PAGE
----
Candid and wide-ranging interviews dating from 1985 through 1992 with the best-selling author and Jungian analyst, Marion Woodman. Touches on sexuality, creativity, relationships, addictions, healing, rituals, and the environment.
In this colleciton of essays psychologists, Jungian analysts, feminists, and scholars of Goddess cultures describe those key insights and experiences that can provide entry to a new level of consciousness.
Women have always been concerned with relationship and love, and as they evolve, this becomes a concern that is not only about their sexual partner and their immediate family and friends: it is about relationship on every level. This book offers the tools and concepts that can help them bring harmony and good relationship into every area of life.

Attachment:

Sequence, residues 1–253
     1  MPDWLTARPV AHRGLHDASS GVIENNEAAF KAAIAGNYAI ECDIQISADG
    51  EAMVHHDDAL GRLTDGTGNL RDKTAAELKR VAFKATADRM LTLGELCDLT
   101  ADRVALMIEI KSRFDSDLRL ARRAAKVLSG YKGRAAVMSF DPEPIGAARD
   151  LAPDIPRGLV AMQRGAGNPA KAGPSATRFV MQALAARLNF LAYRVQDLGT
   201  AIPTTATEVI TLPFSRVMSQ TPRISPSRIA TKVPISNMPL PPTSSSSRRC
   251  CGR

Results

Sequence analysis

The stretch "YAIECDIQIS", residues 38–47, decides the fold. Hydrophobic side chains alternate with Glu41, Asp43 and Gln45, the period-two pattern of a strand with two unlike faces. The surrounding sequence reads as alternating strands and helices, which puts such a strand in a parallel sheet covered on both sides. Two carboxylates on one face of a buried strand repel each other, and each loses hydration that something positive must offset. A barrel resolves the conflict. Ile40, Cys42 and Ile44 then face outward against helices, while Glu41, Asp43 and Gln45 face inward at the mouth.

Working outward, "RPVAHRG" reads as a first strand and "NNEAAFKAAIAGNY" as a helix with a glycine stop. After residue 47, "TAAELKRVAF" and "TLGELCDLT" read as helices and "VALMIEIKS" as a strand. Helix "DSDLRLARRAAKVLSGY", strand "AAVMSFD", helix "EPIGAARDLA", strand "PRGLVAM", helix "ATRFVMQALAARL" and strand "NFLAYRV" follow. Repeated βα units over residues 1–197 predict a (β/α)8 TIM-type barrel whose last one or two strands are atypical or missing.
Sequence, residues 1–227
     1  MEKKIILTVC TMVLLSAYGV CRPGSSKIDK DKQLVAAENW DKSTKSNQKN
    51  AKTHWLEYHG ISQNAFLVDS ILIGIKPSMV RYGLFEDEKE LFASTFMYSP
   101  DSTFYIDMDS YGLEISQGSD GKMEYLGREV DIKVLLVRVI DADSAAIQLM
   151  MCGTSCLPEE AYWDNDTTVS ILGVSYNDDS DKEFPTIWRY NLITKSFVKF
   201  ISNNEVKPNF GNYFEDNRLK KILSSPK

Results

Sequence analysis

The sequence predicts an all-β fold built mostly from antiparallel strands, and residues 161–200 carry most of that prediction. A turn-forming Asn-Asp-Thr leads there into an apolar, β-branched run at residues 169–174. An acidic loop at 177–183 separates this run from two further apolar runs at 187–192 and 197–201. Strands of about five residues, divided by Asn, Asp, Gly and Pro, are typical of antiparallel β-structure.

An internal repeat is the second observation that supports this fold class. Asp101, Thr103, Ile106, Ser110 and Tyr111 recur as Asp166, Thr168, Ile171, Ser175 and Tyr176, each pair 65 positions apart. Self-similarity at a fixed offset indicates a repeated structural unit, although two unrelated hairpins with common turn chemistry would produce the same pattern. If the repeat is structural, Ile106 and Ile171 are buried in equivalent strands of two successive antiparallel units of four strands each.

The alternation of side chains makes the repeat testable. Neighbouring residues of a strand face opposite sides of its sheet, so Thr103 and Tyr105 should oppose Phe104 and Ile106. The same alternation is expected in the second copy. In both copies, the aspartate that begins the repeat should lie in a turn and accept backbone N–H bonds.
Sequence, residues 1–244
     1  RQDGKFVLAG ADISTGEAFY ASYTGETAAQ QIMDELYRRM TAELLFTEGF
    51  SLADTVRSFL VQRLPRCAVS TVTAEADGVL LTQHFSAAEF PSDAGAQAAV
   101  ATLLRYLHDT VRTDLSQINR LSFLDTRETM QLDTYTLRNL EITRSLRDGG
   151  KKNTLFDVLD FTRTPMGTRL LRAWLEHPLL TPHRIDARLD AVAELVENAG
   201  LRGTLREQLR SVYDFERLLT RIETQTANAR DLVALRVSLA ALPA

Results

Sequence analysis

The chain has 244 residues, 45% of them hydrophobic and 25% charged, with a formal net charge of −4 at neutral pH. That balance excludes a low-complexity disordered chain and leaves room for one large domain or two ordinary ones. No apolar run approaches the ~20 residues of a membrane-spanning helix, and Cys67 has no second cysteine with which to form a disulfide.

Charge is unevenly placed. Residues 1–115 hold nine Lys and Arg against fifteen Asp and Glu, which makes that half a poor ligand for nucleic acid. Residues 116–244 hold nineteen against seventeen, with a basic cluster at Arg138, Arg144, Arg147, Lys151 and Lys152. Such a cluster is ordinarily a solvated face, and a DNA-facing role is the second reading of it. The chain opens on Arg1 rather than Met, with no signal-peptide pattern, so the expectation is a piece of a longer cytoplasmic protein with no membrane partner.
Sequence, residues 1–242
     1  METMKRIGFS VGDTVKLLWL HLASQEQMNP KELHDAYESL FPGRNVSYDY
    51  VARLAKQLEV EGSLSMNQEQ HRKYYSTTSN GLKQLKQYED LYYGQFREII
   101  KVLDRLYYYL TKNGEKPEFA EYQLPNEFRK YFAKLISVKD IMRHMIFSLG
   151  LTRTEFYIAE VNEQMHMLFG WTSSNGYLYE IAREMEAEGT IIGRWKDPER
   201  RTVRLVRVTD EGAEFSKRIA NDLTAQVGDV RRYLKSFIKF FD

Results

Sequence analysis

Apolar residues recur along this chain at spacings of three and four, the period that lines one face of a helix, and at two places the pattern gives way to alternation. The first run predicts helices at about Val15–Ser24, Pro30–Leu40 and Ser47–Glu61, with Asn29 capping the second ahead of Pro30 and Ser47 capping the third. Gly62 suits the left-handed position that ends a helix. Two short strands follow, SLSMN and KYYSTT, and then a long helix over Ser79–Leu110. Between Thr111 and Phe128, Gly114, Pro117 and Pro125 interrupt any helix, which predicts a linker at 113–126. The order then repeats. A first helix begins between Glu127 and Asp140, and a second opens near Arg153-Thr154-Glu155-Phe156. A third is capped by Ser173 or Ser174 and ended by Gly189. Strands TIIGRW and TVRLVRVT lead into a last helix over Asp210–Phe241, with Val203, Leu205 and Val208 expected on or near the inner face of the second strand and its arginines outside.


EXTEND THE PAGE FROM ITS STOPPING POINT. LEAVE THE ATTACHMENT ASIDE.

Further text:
When one person dares to speak her truth, it challenges us all to live our own. With Red Hot and Holy, Sera Beak offers a provocative and intimate view of what it means to get up close and personal with the divine in modern times. With a rare combination of audacious wit, scholarly acumen, and tender vulnerability—vibrantly mixed with red wine, rock songs, tattoos, and erotic encounters—Sera candidly chronicles the highs and lows of her mystical journey. From the innocence of her childhood crush on God; through a whirlwind of torrid liaisons and bitter break-ups with Christianity, Buddhism, Sufism, Hinduism, and the New Age; and finally into committed monogamy with her own Red Hot and Holy Goddess, Sera shares transformative insights, encouraging us all to trust our unique path and ignite our own spiritual love affair. Sera Beak's luscious writing and renegade spiritual wisdom that slices through religious and new age dogma made her debut book The Red Book a breakout success. With Red Hot and Holy she offers a far more personal book—an illuminating, hilarious, and above all utterly honest portrait of the heart-opening process of mystical realization. This hot and holy book invites you to embrace your soul, unleash your true Self, and burn, baby, burn with divine love. Excerpt As a child, I was madly in love with God. Gaga for God. In grade school, I used to write “I (heart) God” at the top of all my homework assignments and in the margins of the notes I passed to my girlfriends about which boys we thought were cute. Next to The Little Princess, a children’s bible was kept on my bedside table for nightly reading. Miracles? Prophetic dreams? Angels? Healing the sick? Sign me up for those gigs! And every Thursday I believed J.C. dropped by my bedroom so I could ask him personal questions and tell him which sister was annoying me the most. I was magnetized to rosaries, prayers, and pyramids the way other kids were to doughnuts, MTV and the Cabbage Patch Kids, and every time I saw a religious figure (priest, nun, Buddhist monk, Hare Krishna) out in public, it would take an enormous amount of willpower not to stalk them. When Career Days at school would come around, my questionnaire would look a little something like this: Favorite subject? God Favorite hobby? God What do you want to be when you grow up? God (Okay, there was a brief time when I was six years old when the answer to that last question was “an albino.” I thought albinism would make me glow in the dark.) When I was a child, God was not a belief of a magical Santa Claus type. He was as real as my heart. I felt Him (inside me). I recognized Him (everywhere). I knew Him (personally). We hung out together, and I never wanted our rendezvous to stop. I only wanted us to draw closer. I assumed I was experiencing what many Catholics refer to as “the call” to be a priest, so I matter-of-factly informed my parish priests and Sunday school teachers of my future vocation. They laughed, patted my head, and told me I couldn’t have heard the call to be a priest because I had a vagina. Okay, they didn’t say that last part, but believe me, it was implied. They did tell me that only men were allowed to be priests because Jesus only had male disciples (to which Mary Magdalene juts out her left hip and slaps her round cheek with The Gospel of Mary Magdalene). But, of course, I could always be a nun.